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Chapter XVII.—The Names of the Gods and Their Images are But of Recent Date.

An apologist must adduce more precise arguments than I have yet given, both concering the names of the gods, to show that they are of recent origin, and concerning their images, to show that they are, so to say, but of yesterday. You yourselves, however, are thoroughly acquainted with these matters, since you are versed in all departments of knowledge, and are beyond all other men familiar with the ancients. I assert, then, that it was Orpheus, and Homer, and Hesiod who 746 gave both genealogies and names to those whom they call gods. Such, too, is the testimony of Herodotus. 747 “My opinion,” he says, “is that Hesiod and Homer preceded me by four hundred years, and no more; and it was they who framed a theogony for the Greeks, and gave the gods their names, and assigned them their several honours and functions, and described their forms.” Representations of the gods, again, were not in use at all, so long as statuary, and painting, and sculpture were unknown; nor did they become common until Saurias the Samian, and Crato the Sicyonian, and Cleanthes the Corinthian, and the Corinthian damsel 748 appeared, when drawing in outline was invented by Saurias, who sketched a horse in the sun, and painting by Crato, who painted in oil on a whitened tablet the outlines of a man and woman; and the art of making figures in relief (κοροπλαθική) was invented by the damsel, 749 who, being in love with a person, traced his shadow on a wall as he lay asleep, and her father, being delighted with the exactness of the resemblance (he was a potter), carved out the sketch and filled it up with clay: this figure is still preserved at Corinth. After these, Dædalus and Theodorus the Milesian further invented sculpture and statuary. You perceive, then, that the time since representations of form and the making of images began is so short, that we can name the artist of each particular god. The image of Artemis at Ephesus, for example, and that of Athenâ (or rather of Athelâ, for so is she named by those who speak more in the style of the mysteries; for thus was the ancient image made of the olive-tree called), and the sitting figure of the same goddess, were made by Endœus, a pupil of Dædalus; the Pythian god was the work of Theodorus and Telecles; and the Delian p. 137 god and Artemis are due to the art of Tectæus and Angelio; Hera in Samos and in Argos came from the hands of Smilis, and the other statues 750 were by Phidias; Aphrodité the courtezan in Cnidus is the production of Praxiteles; Asclepius in Epidaurus is the work of Phidias. In a word, of not one of these statues can it be said that it was not made by man. If, then, these are gods, why did they not exist from the beginning? Why, in sooth, are they younger than those who made them? Why, in sooth, in order to their coming into existence, did they need the aid of men and art? They are nothing but earth, and stones, and matter, and curious art. 751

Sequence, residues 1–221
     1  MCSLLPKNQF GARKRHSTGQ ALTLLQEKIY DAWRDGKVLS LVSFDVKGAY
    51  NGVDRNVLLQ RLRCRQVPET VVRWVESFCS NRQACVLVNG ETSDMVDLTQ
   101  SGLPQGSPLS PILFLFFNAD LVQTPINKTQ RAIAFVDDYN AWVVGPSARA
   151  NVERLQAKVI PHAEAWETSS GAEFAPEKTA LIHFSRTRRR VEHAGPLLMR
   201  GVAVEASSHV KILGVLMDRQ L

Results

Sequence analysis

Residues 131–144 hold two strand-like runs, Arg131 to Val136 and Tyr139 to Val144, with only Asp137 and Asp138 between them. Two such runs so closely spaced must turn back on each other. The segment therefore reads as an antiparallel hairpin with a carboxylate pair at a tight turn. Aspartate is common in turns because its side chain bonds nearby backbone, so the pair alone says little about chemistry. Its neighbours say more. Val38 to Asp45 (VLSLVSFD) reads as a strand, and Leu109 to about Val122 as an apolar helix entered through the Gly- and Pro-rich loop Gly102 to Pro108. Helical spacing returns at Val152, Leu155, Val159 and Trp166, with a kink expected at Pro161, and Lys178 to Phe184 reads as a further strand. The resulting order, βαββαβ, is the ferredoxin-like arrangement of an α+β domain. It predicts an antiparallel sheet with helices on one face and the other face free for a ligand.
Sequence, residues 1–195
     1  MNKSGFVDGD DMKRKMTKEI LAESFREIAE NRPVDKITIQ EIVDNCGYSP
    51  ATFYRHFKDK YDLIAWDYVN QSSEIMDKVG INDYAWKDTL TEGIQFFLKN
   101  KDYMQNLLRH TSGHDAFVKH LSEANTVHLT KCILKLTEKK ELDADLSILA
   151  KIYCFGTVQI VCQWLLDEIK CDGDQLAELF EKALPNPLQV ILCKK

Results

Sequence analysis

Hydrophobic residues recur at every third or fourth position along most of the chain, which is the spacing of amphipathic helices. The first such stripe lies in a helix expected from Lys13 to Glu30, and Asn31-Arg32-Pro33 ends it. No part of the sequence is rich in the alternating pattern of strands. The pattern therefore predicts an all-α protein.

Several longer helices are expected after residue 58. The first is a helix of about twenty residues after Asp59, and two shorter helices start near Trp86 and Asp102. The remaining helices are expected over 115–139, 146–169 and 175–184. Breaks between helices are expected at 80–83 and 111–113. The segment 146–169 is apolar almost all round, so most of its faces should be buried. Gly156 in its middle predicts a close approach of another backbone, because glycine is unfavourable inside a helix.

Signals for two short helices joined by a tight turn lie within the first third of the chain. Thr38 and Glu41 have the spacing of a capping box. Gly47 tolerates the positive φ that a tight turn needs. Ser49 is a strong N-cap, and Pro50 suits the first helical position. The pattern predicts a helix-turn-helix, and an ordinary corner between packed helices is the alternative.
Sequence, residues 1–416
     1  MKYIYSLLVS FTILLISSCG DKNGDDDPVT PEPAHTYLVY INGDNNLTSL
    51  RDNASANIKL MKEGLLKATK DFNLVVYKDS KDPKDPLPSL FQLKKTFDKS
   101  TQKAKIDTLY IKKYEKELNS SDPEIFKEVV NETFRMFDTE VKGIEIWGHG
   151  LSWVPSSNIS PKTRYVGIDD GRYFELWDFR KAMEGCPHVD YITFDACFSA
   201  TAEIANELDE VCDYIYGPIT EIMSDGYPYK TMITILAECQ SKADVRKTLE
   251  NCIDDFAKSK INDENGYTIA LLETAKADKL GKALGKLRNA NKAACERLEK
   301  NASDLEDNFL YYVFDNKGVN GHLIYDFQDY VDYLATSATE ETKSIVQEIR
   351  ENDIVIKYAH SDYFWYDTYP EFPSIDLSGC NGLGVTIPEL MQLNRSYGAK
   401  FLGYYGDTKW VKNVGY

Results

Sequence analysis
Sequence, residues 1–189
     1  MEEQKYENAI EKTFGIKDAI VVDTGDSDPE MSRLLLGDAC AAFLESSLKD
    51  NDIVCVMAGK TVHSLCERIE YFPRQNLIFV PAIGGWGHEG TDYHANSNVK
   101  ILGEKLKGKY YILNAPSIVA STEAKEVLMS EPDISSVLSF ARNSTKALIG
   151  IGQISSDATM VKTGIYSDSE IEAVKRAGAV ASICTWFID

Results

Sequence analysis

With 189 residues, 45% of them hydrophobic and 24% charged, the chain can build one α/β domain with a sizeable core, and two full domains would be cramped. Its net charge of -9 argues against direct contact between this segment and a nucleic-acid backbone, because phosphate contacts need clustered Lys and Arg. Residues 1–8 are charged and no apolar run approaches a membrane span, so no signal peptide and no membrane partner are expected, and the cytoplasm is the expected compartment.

We here follow the text of Otto; others place the clause in the following sentence.


ii. 53.


Or, Koré. It is doubtful whether or not this should be regarded as a proper name.


Or, Koré. It is doubtful whether or not this should be regarded as a proper name.


The reading is here doubtful.


[There were no images or pictures, therefore, in the earliest Christian places of prayer.]

Next: Chapter XVIII.—The Gods Themselves Have Been Created, as the Poets Confess.